Have you heard of the Kiko goat before? Kikos hail from New Zealand where their name means "meat." These are hardy goats! They're resistant against parasites or at least have a higher tolerance. I would do anything to have parasite-resistant chickens.
Who wouldn't want this goat on their homestead?
Kiko goat history
Bffarm.net tells us why Kikos are such a great addition to your hobby farm.
"Kiko development began in the early 1970s when a group of ranchers united to form The Goatex Group LLC. They collected and bred thousands of feral goats, reserving only the fastest maturing, meatiest, and most disease- and parasite-resistant goats from each generation to use as breeding stock, sending the balance to slaughter. They provided their herds with no supplementary feed, no shelter, no hoof trimming or vet care, and no assistance at kidding. Only the toughest survived."
They're known as some of the most efficient meat goats in the world.
According to the International Kiko Goat Association, characteristics include:
- Hardy and very resistant to parasites
- Good mothering skills and capability
- Adequate milk and is known to taste delicious!
- Weight gain and super-fast growth rate
- Good lean carcass and hooves
According to bffarm.net Kikos have straight profiles and medium-length ears. They also have magnificent, up- and out-sweeping, spiraling horns, as well as wide, strong frames with moderate bone size.
These goats have muscular bodies and are usually solid white or cream in color, although there are some of darker colors, including black.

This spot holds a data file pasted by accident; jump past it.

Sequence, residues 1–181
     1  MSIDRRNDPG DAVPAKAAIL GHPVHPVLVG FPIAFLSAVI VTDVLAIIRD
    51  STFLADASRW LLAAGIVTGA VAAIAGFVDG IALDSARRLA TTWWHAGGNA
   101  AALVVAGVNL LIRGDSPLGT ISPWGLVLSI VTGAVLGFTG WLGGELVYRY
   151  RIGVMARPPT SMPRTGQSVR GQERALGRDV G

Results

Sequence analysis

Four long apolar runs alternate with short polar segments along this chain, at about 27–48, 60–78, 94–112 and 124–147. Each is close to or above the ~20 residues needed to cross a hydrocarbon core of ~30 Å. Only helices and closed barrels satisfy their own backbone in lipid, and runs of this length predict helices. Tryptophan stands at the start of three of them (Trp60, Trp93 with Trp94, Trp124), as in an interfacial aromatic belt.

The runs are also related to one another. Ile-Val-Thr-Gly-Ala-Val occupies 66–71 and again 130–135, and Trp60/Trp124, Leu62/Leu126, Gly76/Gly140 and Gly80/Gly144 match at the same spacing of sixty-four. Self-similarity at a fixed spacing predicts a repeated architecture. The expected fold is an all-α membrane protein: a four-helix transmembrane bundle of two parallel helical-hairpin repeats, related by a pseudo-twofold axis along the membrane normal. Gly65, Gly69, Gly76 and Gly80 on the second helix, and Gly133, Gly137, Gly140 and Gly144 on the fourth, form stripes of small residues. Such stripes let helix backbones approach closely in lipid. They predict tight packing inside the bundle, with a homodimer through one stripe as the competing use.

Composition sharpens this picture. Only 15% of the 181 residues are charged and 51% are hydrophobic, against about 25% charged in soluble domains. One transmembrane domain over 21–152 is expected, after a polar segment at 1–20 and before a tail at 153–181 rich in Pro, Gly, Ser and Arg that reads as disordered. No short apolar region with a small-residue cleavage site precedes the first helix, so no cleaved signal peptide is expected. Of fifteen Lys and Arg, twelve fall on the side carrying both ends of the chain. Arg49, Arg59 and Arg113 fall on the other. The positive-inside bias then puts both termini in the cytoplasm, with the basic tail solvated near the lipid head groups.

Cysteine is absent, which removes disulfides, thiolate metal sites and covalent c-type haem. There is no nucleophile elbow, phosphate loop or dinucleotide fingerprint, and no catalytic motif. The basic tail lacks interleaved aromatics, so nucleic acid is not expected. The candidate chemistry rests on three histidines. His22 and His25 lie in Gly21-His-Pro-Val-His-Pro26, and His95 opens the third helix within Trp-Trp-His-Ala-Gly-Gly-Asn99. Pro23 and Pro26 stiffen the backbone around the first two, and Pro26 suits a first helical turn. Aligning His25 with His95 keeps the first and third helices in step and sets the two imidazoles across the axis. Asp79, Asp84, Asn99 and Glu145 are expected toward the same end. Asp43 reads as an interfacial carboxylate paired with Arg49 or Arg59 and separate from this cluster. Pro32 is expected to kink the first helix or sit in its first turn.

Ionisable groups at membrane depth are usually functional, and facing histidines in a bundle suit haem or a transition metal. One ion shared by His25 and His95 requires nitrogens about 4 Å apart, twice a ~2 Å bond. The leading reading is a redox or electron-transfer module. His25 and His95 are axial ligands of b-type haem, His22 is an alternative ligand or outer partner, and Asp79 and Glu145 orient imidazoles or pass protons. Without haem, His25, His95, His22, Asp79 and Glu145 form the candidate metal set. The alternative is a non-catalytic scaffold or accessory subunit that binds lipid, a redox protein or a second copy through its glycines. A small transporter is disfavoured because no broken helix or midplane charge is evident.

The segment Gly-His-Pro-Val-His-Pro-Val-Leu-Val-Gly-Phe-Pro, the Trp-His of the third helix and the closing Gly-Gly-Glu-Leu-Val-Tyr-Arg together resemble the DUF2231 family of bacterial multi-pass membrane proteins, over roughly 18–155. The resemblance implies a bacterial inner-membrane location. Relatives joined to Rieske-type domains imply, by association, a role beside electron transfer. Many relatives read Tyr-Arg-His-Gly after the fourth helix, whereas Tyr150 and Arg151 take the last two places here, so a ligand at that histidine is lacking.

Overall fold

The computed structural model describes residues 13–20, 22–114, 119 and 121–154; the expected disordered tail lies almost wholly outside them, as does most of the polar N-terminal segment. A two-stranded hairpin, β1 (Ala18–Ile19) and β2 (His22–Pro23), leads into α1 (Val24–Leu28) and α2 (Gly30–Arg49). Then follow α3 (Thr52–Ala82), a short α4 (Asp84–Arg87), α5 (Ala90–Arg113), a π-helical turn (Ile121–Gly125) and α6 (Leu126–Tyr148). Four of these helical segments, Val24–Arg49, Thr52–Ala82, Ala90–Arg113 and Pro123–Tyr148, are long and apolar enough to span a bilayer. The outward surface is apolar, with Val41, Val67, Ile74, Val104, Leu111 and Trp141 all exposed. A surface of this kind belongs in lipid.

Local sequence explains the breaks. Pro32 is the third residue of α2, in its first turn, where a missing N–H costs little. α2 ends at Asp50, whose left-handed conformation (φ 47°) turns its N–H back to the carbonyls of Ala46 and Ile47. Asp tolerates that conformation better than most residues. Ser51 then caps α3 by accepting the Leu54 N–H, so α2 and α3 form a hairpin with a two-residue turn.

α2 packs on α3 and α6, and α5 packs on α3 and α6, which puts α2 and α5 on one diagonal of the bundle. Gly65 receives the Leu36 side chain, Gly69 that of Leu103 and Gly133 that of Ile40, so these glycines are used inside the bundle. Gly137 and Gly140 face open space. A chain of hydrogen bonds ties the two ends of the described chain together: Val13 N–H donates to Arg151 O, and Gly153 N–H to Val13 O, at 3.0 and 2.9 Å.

Caring for Kiko goats
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They are known to shine in rough-country conditions!
Like all goats, Kikos are social animals and herd animals. They need a friend. The biggest challenge in raising Kiko goats is that they've been bred to be resourceful, independent foragers. They can be difficult to contain as a result and even more difficult to handle. Yikes!
The Kiko breed sounds like a wonderful addition to your homestead, but if you're looking for a docile breed that's easy to handle, look elsewhere.
As far as meat production goes, Kikos are still overshadowed by Boers in the meat goat marketplace, but this breed is rapidly increasing in popularity due to their hardiness survivability in natural conditions and survivability. They're not known to be dairy goats, but they do produce a good quantity of milk.
Other considerations include the Toggenburg, Nubian and Saanen goat breeds. If you have questions, you can check out the American Kiko Goat Association.